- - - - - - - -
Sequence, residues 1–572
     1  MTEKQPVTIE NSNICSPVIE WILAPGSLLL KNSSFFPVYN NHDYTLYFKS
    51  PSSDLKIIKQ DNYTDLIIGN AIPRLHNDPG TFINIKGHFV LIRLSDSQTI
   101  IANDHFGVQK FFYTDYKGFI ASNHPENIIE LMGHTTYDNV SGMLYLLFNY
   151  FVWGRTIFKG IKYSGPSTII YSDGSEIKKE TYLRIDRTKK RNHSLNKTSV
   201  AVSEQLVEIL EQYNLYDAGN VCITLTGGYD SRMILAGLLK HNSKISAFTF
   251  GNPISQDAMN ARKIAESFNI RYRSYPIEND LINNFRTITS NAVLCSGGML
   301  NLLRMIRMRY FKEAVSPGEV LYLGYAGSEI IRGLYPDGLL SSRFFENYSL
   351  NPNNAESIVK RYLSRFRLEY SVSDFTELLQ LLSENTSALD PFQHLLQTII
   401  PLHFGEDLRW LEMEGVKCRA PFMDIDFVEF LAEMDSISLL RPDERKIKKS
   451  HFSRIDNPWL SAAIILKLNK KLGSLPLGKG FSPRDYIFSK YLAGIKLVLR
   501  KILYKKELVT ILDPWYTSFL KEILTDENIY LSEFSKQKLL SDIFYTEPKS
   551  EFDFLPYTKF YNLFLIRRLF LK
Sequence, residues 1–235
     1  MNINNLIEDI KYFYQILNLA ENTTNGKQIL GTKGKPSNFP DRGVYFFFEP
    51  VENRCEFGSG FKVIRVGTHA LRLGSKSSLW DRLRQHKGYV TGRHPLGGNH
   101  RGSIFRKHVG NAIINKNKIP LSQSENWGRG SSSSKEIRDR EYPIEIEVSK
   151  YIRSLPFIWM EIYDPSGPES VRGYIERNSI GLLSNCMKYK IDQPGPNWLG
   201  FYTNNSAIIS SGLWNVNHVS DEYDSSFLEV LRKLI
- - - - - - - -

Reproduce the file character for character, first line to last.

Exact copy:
Sequence, residues 1–572
     1  MTEKQPVTIE NSNICSPVIE WILAPGSLLL KNSSFFPVYN NHDYTLYFKS
    51  PSSDLKIIKQ DNYTDLIIGN AIPRLHNDPG TFINIKGHFV LIRLSDSQTI
   101  IANDHFGVQK FFYTDYKGFI ASNHPENIIE LMGHTTYDNV SGMLYLLFNY
   151  FVWGRTIFKG IKYSGPSTII YSDGSEIKKE TYLRIDRTKK RNHSLNKTSV
   201  AVSEQLVEIL EQYNLYDAGN VCITLTGGYD SRMILAGLLK HNSKISAFTF
   251  GNPISQDAMN ARKIAESFNI RYRSYPIEND LINNFRTITS NAVLCSGGML
   301  NLLRMIRMRY FKEAVSPGEV LYLGYAGSEI IRGLYPDGLL SSRFFENYSL
   351  NPNNAESIVK RYLSRFRLEY SVSDFTELLQ LLSENTSALD PFQHLLQTII
   401  PLHFGEDLRW LEMEGVKCRA PFMDIDFVEF LAEMDSISLL RPDERKIKKS
   451  HFSRIDNPWL SAAIILKLNK KLGSLPLGKG FSPRDYIFSK YLAGIKLVLR
   501  KILYKKELVT ILDPWYTSFL KEILTDENIY LSEFSKQKLL SDIFYTEPKS
   551  EFDFLPYTKF YNLFLIRRLF LK
Sequence, residues 1–235
     1  MNINNLIEDI KYFYQILNLA ENTTNGKQIL GTKGKPSNFP DRGVYFFFEP
    51  VENRCEFGSG FKVIRVGTHA LRLGSKSSLW DRLRQHKGYV TGRHPLGGNH
   101  RGSIFRKHVG NAIINKNKIP LSQSENWGRG SSSSKEIRDR EYPIEIEVSK
   151  YIRSLPFIWM EIYDPSGPES VRGYIERNSI GLLSNCMKYK IDQPGPNWLG
   201  FYTNNSAIIS SGLWNVNHVS DEYDSSFLEV LRKLI